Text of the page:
A Window to the World
empowering women, families, and youth-at-risk through improved literacy, increased positive media, and tools for living.
By Jacqueline Tao
Looking back, I have been incredibly fortunate to be a teen that has grown up and gone to school in the Lamorinda community. Yet at times the fact that it is so safe, so peaceful, and so sheltered really does justify its being compared to a “bubble.” Being able to travel provides new perspectives on the world and exposes the traveler to the myriad of different things that lies outside our home. Through my travels I have had the privilege to experience the different cultures, histories, people, sceneries, and foods of the world. I think that travel is a great portal for enjoyment but also for openness and understanding of more people and things than we would otherwise be familiar with.
A recent trip to Tibet opened my eyes to the opulence we enjoy in Lamorinda and how we take so many conveniences for granted.
After a long drive in a rickety Jeep, my family and I arrived at the top of a mountain, admiring a beautiful yet desolate Tibetan landscape–distant snowy mountains, minimal vegetation, and long crisscrossed chains of Tibetan prayer flags. Unexpectedly, a group of Tibetan children came to us, fascinated by everything about us.  Their animated joyfulness contrasted drastically from the wind-swept, barren landscape. In an effort to transcend the language and cultural barrier, I opened a bag of pea-sized crackers to share with the kids.  They swarmed excitedly, a hungry mob tantalized by this rare foreign treat.
Surrounded on all sides, I scattered the snacks. Even though these snacks fell in the dirt, the children devoured them, excited to taste something new. Big smiles filled their faces and their eyes danced with delight. Deprived of worldly possessions, living in a harsh natural environment, they had easily managed to find reasons for contentment and satisfaction in their simple, minimalistic lifestyle.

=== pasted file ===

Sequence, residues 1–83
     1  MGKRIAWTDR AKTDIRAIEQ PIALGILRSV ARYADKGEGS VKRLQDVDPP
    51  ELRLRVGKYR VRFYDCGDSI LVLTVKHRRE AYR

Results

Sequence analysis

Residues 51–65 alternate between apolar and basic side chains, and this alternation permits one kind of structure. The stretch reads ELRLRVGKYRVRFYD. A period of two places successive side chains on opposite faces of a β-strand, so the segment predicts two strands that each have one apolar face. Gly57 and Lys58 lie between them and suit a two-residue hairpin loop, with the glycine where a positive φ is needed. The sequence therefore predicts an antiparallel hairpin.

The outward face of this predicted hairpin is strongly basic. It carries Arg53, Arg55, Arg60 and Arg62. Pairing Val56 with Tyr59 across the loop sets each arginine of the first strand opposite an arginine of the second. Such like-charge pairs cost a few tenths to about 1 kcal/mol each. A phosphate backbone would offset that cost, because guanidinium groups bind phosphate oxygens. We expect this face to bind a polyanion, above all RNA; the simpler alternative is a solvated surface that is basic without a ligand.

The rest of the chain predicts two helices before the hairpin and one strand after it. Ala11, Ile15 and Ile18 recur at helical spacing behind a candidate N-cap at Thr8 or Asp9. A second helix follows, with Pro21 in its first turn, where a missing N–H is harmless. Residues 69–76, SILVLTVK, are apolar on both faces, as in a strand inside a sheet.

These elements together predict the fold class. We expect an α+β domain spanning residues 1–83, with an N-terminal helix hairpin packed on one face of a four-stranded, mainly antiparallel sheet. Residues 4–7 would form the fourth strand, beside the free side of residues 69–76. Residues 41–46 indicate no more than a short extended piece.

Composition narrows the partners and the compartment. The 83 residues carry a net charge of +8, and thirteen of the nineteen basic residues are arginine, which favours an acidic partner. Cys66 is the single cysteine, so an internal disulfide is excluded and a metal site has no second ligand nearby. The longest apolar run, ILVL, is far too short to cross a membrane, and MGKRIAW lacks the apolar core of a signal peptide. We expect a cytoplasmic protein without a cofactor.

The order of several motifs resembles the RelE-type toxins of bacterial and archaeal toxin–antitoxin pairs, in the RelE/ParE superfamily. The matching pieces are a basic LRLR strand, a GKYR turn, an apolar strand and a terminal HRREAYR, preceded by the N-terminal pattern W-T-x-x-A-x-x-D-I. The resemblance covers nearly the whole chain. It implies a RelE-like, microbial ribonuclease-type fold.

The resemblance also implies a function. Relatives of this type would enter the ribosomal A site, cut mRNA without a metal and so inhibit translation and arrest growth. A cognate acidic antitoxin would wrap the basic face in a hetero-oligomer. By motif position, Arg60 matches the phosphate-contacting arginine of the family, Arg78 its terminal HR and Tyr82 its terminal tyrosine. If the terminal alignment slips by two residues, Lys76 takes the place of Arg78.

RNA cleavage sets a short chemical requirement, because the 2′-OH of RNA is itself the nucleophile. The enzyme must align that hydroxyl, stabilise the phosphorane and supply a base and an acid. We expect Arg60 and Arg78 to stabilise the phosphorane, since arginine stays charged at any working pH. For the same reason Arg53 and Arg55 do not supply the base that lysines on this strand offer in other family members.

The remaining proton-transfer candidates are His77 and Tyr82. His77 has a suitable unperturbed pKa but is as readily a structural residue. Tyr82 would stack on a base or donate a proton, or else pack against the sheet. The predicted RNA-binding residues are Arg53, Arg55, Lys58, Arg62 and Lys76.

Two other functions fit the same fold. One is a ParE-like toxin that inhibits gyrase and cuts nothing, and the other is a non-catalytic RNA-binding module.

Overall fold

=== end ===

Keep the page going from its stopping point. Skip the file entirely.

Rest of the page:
With their curiosity and gratefulness for our visit, the Tibetan children offered me a glimpse of how effortless it was for them to live with so little yet be so gleeful. As a Campo student, such a feat is not always easy. How often throughout my high school career stress consumed me. My friends and I regularly lamented the course work or our lack of something as we searched for anything better than what we had, although we had no idea what that “better” was.
It took a trip halfway across the globe, to a world very different from Moraga where I have lived for eighteen years, for me to realize an important counter perspective. Happiness does not depend on fancy clothes, cars, homes, or what school we attend. The gifts of gratitude and simplicity allow us to harness the sources of pleasure that we often overlook and take for granted. By appreciating everyday joys of life, letting go of worries and tensions, and welcoming foreigners as friends, we can’t help but experience fulfillment.
As I leave to go to college, I want to encourage the youth of Lamorinda to enroll in programs that encourage international exchanges. There is no better classroom than traveling. Open the window to the world and take a trip to understanding.

Jacqueline Tao graduated from Campolindo High School in June and will attend Stanford University. Through her travels she has been able to get a taste of many different cultures and places.

In the News: Published Version

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